“A GOOD OLD FASHIONED ORGY”
Who: Jason Sudeikis, Leslie Bibb, Tyler Labine, Lake Bell and Nick Kroll What: A group of 30-year-olds who have been friends since high school attempt to throw an end-of-summer orgy. When: September 2nd (limited) Why: Though I’m still not convinced that Jason Sudeikis is the star that Hollywood seems to think he is, this raunchy sex comedy could finally be the film that changes my mind. It doesn’t hurt that he’s surrounded by such a funny ensemble cast, including actors like Tyler Labine and Lake Bell, who are always good for a laugh The real test, however, will be whether the film has the balls to go all the way or if it will chicken out at the last minute, because you shouldn’t joke around about an orgy unless you mean it.
Who: Matt Damon, Marion Cotillard, Kate Winslet, Jude Law and Laurence Fishburne What: An action-thriller centered on the threat posed by a deadly disease and an international team of doctors contracted by the CDC to deal with the outbreak. When: September 9th Why: When Steven Soderbergh puts together a cast this good, it’s hard not to stand up and take notice. But even with four Oscar winners, three nominees, and a three-time Emmy winner at his disposal, the real star of “Contagion” may end up being the story itself, which has the potential to scare the living shit out of audiences in ways that most horror films could only dream of. How Soderbergh manages to tap into our inherent fear of disease will be key to its success, but if the movie is anywhere near as good as 1995’s “Outbreak” (which also had an amazing cast), we’re in for a pleasant surprise.
I’ve seen tons of beautiful cars, old and new, this weekend at the Pebble Beach Concours d’Elegance. It’s an amazing celebration of the automobile, and this morning we found ourselves on the 18th hole at Pebble Beach as Infiniti introduced its Etherea Concept for the first time in North America. It was a little cloudy and chilly as you can see from the photos, but the view was spectacular. Tomorrow morning we’ll be back for the Concours as some amazing classic automobiles will be on display on the same spot.
The Etherea Concept is very impressive and is worthy of such a prestigious location for its introduction. I love the lines on this car, and the suicide doors punctuate the bold design. It’s clear from this vehicle and the JX Concept introduced yesterday that Infiniti will continue to be aggressive in its styling. The Etherea is an “exploration” of a future model so it will be interesting to see the final product, but they’re definitely headed in the right direction.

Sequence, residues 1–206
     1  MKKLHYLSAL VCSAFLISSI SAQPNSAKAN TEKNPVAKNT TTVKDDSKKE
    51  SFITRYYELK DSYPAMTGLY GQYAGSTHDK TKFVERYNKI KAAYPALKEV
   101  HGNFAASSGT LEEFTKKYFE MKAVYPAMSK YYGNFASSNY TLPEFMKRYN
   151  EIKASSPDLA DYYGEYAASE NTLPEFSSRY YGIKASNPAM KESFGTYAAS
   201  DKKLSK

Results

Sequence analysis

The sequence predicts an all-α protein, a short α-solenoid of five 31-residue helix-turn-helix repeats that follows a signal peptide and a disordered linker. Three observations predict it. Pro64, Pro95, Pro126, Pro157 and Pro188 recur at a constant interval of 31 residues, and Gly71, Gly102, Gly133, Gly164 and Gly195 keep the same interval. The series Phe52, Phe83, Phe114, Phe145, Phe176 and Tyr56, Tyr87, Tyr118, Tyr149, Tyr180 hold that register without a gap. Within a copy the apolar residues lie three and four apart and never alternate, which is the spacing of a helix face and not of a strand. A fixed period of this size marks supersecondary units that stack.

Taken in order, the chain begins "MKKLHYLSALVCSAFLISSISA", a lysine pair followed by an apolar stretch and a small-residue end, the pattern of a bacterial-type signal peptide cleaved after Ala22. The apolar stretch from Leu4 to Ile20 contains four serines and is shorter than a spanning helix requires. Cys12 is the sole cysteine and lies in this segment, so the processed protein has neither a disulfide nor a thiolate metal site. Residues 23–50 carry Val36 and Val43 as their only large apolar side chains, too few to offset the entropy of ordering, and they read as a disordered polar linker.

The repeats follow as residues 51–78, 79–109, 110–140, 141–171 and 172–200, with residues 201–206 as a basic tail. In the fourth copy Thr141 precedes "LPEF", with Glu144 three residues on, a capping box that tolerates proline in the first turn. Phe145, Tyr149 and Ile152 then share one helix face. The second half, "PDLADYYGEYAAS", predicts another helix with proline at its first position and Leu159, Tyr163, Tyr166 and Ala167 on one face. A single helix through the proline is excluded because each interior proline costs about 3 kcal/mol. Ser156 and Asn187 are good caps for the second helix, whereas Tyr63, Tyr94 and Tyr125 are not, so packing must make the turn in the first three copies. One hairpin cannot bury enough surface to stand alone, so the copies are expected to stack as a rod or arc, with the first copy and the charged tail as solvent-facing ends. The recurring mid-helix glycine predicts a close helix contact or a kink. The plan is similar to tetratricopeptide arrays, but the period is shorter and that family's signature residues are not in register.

These past two days, we’ve looked into Chevy and the Chevy small block’s past and present, and between these time periods and products is a singular emotion. What joins the creation of the small block, the history of General Motors, and events like the Woodward Dream cruise is passion.
Passion is not merely performance numbers, fuel economy, or just design alone. It’s the melding of the three parts by groups of people to create great products that they are proud of. On top of that, it then appears with the customer and how they interact and love the product. You can’t engineer or design a passionate car on purpose, just like you can’t create a perfect spouse. It’s all about the process. A car that elicits response from owners and passerbys is one that was created with a genuine care for the result. It is the result of this continual effort that creates the story of these cars and makes them more than just pieces of metal.
You see this passion in the creation process when you visit GM’s Heritage Center. Surrounded by the significant cars of the past, you see the thoughts and dreams of car designers that ended up in the final process. From a design and engineering standpoint, you can feel what their creators and teams were thinking when they created these pieces. You see a visionary mindset that is not stuck in the past, but it always pushing through to the future.
These designers and engineers were not only looking for performance, but also at fuel economy and evocative design as well. For instance, the 1953 Firebird concept used turbines in an attempt to get both performance and fuel economy. Plus, it was stylized like a jet. It was not a dowdy economical box to suffer in while you squeezed out every drop of gas. Fuel economy, to the designers and engineers, was just another boundary to push the envelope like performance, and it was another tool to capture the buyer’s attention.